Why It Doesn't Always Pay to Buy a Cheap TV

James K. Willcox

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Everybody loves a bargain, but a cheaper TV doesn’t always turn out to be a better deal.

That’s what we found in our analysis of more than three years of Consumer Reports’ TV ratings. Our crack team of statisticians looked at prices and CR test results from January 2017 through January 2020 for a number of leading TV brands sold in the U.S. The results are shown in the charts below; they are broken out by screen size, which is the first factor consumers usually consider when shopping for a television.

As you can see, TVs from Samsung, LG, and Sony earned top scores in our testing across just about every size range. And generally, sets from these companies cost more than their competitors’ TVs.

Prices and average brand scores tend to drop off in step with each other, according to our analysis. Some brands, including Element, Hitachi, RCA, and Westinghouse, trailed the others in both quality and price in some size categories.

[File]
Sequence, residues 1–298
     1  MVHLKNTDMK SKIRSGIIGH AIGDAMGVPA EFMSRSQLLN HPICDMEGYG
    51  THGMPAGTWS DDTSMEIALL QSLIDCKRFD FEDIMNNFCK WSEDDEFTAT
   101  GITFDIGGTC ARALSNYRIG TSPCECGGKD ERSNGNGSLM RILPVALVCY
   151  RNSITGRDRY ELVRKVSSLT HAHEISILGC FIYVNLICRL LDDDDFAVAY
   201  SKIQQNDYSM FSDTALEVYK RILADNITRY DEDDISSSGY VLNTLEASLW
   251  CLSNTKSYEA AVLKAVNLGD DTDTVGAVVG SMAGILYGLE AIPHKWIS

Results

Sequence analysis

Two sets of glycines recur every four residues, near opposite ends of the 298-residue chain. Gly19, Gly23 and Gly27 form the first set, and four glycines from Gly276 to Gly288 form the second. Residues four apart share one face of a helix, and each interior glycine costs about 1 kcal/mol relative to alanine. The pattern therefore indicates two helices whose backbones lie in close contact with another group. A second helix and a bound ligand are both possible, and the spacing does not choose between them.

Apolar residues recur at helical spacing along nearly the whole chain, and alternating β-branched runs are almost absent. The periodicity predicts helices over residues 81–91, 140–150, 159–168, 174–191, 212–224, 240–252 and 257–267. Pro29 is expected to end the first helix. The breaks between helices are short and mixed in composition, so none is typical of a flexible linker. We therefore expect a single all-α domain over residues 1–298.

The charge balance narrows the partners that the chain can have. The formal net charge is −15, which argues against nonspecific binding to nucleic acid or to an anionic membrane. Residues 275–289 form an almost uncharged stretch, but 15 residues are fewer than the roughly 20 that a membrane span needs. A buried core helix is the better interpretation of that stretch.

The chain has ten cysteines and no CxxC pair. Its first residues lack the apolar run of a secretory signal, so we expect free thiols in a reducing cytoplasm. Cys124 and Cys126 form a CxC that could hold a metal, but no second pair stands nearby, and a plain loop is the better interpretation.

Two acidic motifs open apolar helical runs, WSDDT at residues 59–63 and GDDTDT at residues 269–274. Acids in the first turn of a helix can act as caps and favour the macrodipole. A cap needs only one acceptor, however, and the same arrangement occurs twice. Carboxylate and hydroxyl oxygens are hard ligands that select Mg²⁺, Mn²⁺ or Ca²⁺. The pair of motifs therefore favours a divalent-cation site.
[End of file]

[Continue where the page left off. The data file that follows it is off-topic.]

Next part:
The takeaway: While it’s tempting to buy a much cheaper TV from a smaller brand, especially during big sales events, you could be accepting a trade-off in quality. You might not have to pay much more to get a better television. 

This information should be useful if you choose a TV largely based on brand. However, it’s smart to use this analysis as just one factor when you’re shopping. The charts below are average prices and scores. Performance can vary by series and even by model within a single brand.

Also, companies evolve over time. Our testing shows that some models from newer brands, such as Hisense and TCL, have been improving in quality recently. But typically we see that better performance only in the upper-tier models from these brands.